Outlook and implications
The market behaviour in Canada may lead to a stronger gain than in 2016. In 2017, demand has remained strong during the first three quarters and the market is on pace for a fourth consecutive record year and an eighth year of sales gains. Through September, the market up by 5.5% y/y. LCV sales gained 9.4% y/y, while passenger-car sales declined 1.6% y/y, and sales totalled 1.59 million units over the first nine months of 2017. IHS Markit has revised its full-year forecast upward, and projects an increase of 4.5% to 2.01 million units.
As in many other markets, passenger-car sales are struggling in the face of stable fuel prices and increased competition from a more diversified light truck market, especially the expanded market for subcompact and compact crossovers. In 2016, passenger cars captured only 34.9% of the market. In September 2017, the share of passenger car sales came in at 31.8%; in the YTD, passenger cars secured 32.9% of the market. Over the first half of 2017, passenger car market share has fallen to 33.3%, compared with 35.3% over the same period of 2016. Luxury continues to be a driver of market growth as registrations have been driven by an expanding OEM product portfolio. Following a 13.4% surge in 2015, overall luxury sales were up a solid 5.4% in 2016, and we expect premium sales to continue to outpace the overall market growth through the forecast horizon.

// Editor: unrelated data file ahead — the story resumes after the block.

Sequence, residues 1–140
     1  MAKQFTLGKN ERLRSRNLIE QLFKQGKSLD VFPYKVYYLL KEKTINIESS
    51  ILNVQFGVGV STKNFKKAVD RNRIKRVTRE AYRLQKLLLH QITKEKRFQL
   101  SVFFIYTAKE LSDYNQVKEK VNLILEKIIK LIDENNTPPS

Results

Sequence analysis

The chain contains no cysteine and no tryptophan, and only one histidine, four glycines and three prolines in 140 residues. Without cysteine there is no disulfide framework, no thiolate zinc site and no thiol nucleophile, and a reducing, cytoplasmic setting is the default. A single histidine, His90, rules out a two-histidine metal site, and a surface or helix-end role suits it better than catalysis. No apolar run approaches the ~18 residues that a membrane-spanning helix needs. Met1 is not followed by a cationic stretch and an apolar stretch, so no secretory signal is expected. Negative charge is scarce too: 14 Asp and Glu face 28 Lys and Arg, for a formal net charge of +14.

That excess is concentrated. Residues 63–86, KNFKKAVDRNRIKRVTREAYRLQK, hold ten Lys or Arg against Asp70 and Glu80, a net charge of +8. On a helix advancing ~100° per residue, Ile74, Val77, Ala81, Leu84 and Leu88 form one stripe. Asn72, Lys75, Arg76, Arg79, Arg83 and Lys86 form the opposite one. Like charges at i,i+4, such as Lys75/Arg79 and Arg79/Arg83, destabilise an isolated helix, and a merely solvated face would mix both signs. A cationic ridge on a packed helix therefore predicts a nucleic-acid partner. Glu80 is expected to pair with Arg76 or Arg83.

Through 2024, IHS Markit anticipates registrations to hover between 1.96 million units and 1.92 million units. Although consumer optimism related to personal finances and job security declined slightly throughout the first quarter of 2017, the boost in spending continues to materialise. Supported by a hot housing market and solid employment gains, the Canadian consumers have sustained higher levels of household debt and continue their spending spree, including purchases of new automobiles. Given the risks associated with household indebtedness, this robust activity will likely not last too long even though wages are rising because higher interest rates will likely add weight, increasing debt burdens and consuming a greater share of household budgets. Over the course of the forecast, IHS Markit forecasts Canadian market light vehicles sales will fluctuate between 1.99 and 1.95 million units through 2024. Eventually, traditional replacement demand will become the principal driver of the market, replacing the credit-fuelled growth driven by the accommodative policies coming from the Bank of Canada. Given that Canada is already a mature market, expansion will continue to slow as population trends and wage growth limit market potential.